Yes there is a solution. The obvious solution is of course to use loops. Here is my try using a composite dictionary. It is functionally equivalent to your code and will save you about a dozen lines but hopefully adds flexibility. This was a quick job, so maybe you can take it further. from PyQt5.QtWidgets import * import sys class ButtonWidget(QWidget): ...


1

There are some interesting ideas raised by this problem, guard clauses (or perhaps we should say short circuits) being one of them, we can extend if len(lst) % 2 != 0: return False with if len(lst) == 0: return True This raises the question (from the point of view of efficiency) which order should they go in? The answer depends on the expected data. ...


10

The one thing that is immediately apparent to me (before scrolling the code window) is the naming of some variables: a, b, c, d. Why not use more meaningful names ? You're not being billed by length of variable name. If they are coordinates just call them topleft, topright etc. Ditto with variables names like: pth = args['path'] outp = args['output'] intrv ...


2

Some of these are not performance improvements but are improvements nonetheless. Brewery constructor def __init__(self, _brewery, beer, distance=0, visited=False): self.beer = beer self.id = _brewery[0] self.name = _brewery[1] self.longitude = _brewery[2] self.latitude = _brewery[3] self.distance_to_home = distance self.visited =...


12

Standard case Class names like class screenshoter should be capitalized, i.e. class ScreenShoter. The standard Python code style (which includes recommendations such as naming conventions) is documented in the PEP 8 - Style Guide for Python Code. Static variables These: a,b,c,d = 0, 0, 0, 0 path = "" last_image_sum = 0 output_file = "" ocr_path = "" ...


2

Also, you can use random.sample(num_tiles, num_mines) to avoid repetitive mine spawning.


2

As @David says, extensive replacement of your os and shutil calls with pathlib will get you 90% of the way to a better solution. The one exception is shutil.rmtree which does not have a pathlib equivalent. I'll go through most of the instances. Immutable constants git_repo_tags = ['AB', 'C', 'DEF', 'G', 'HILMNO', 'PR', 'STW', 'X'] should be ...


4

This problem appears to be a poster child for basic object-oriented programming. But please note that I don't know anything about sports betting, so I'll probably get some of the details wrong. A good rule of thumb is this: If you find yourself switching on internal data, look for a class instead. In your case, you switch on bet_type, you switch on ...


6

Optional I find it less useful to include None in an enum like Evaluation, and more useful to write Optional[Evaluation] where appropriate. It's useful to be able to choose whether you have a value that cannot be None at a certain point, or otherwise, based on context. In other words, this: sentiment: Literal[ Evaluation.POSITIVE, Evaluation....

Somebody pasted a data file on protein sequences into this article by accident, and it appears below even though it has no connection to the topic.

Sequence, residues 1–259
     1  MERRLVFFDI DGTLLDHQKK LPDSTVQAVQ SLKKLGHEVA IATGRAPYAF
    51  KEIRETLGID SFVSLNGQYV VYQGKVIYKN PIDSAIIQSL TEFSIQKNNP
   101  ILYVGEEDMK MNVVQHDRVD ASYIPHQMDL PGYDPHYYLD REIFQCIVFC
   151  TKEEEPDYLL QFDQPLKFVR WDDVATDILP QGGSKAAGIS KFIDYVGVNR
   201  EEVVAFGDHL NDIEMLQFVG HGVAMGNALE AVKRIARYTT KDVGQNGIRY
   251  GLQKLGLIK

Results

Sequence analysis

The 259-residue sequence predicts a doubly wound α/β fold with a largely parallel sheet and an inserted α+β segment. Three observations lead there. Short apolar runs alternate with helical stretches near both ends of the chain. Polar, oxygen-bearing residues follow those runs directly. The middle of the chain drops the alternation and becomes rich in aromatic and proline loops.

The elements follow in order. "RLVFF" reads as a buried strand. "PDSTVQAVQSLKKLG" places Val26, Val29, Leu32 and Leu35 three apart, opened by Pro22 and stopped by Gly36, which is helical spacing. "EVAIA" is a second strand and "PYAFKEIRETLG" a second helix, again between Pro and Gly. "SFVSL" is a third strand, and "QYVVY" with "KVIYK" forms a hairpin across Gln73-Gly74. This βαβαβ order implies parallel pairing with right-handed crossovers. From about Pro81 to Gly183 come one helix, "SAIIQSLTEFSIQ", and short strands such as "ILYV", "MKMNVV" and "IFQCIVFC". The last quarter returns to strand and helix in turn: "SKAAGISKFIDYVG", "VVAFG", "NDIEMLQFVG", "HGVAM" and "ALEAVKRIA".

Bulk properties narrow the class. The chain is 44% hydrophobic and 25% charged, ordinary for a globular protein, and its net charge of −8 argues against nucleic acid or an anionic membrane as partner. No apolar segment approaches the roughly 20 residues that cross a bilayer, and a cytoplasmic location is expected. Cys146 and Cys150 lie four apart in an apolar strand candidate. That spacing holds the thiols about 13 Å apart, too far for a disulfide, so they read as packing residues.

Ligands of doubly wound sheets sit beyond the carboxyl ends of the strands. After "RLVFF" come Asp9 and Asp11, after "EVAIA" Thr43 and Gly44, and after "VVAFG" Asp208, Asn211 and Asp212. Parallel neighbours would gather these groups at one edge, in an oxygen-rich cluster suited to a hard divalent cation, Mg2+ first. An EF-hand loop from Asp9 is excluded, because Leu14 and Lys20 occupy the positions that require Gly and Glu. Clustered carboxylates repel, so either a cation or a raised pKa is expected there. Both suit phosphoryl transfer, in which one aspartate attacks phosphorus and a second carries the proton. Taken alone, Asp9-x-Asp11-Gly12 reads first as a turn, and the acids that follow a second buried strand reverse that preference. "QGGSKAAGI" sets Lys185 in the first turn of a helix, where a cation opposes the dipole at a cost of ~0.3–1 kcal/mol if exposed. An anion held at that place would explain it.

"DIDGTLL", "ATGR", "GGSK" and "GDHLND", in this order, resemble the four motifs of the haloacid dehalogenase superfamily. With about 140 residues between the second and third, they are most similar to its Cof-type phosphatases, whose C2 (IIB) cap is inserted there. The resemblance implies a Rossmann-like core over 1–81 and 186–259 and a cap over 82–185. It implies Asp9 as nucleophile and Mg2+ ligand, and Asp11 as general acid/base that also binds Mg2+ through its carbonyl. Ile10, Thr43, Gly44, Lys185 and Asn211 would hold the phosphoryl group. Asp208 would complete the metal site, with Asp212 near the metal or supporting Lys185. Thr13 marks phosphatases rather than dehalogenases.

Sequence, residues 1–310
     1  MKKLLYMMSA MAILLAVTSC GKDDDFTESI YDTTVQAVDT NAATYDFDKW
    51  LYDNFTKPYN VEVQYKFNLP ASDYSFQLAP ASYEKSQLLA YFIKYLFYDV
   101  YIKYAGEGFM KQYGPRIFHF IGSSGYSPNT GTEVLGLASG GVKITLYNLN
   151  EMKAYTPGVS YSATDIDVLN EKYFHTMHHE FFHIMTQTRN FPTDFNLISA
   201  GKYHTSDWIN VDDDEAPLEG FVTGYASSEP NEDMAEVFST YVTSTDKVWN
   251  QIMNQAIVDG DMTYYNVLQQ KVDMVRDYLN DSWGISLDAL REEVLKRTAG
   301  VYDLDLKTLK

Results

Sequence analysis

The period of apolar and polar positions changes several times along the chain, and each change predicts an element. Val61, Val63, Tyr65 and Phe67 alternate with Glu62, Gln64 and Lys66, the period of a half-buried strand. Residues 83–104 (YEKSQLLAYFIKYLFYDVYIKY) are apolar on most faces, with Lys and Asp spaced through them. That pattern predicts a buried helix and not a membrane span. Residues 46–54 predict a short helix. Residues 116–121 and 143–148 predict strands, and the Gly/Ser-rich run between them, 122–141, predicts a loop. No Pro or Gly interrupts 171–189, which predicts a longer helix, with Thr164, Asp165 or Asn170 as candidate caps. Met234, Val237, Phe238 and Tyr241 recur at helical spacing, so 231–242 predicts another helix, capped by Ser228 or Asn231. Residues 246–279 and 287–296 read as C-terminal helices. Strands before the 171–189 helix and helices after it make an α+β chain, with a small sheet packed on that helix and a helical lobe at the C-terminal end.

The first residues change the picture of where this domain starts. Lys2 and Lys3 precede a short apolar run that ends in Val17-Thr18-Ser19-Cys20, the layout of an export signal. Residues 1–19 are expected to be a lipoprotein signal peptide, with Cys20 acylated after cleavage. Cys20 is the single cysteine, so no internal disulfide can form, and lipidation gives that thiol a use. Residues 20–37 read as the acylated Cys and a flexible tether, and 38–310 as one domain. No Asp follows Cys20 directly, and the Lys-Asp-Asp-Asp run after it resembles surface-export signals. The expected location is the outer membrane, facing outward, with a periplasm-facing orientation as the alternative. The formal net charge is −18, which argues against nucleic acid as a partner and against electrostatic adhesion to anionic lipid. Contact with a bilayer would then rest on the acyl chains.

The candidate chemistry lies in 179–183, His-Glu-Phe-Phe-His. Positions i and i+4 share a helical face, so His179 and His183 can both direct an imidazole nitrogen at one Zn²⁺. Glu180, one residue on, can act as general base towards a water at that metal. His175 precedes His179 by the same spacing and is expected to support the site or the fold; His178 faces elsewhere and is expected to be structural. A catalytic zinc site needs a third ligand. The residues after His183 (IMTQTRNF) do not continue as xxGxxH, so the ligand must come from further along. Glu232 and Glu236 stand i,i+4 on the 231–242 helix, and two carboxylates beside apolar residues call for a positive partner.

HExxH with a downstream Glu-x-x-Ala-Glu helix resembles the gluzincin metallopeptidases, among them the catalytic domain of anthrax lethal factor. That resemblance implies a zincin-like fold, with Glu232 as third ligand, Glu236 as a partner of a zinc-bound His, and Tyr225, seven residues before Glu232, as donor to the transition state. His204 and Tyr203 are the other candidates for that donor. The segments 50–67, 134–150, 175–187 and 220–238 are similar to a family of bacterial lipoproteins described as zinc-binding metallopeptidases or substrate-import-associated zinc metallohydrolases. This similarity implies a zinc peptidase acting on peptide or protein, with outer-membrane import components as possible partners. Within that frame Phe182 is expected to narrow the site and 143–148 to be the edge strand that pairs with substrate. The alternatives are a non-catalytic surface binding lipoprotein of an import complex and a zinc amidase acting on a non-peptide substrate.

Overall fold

4

Tests You've written some - great! Keep that up. If you want to add more structure, consider Python's unittest library. Unused globals BET_OUTCOMES, SUPPORTED_BET_TYPES and SIDES are not used. My assumption is that this is related to the other segment of your code that you deleted. If it stays deleted, then delete these, too. Similarly, this docstring: '...


2

find_segment loads the json file every time it is called. It would be much faster to load the data once and return a dict mapping province to segments. Also, key doesn't appear to be used, so remove that for-loop def load_research(filename='research.geojson'): """loads json data from filename and return a dict of segments keyed by province.""" ...


1

Here's a solution that only uses one extra data structure. I use the heapq library to maintain a heap, where it easy to check the smallest item and remove it when it's not needed any longer. You could also use SortedList from the wonderful sortedcontainers library. The basic idea is to loop over the intervals sorted by start time. If some intervals have ...


0

Check out the pyinputplus module. It's good for when you are asking for specific user input, such as when you want the user to answer with 'yes' or 'no', or in your case, 'X' or 'O'. So in that case you would do something like this: from pyinputplus import * inputChoice(('X', 'O')) Which will return: Please select one of: X, O Alternatively, as a ...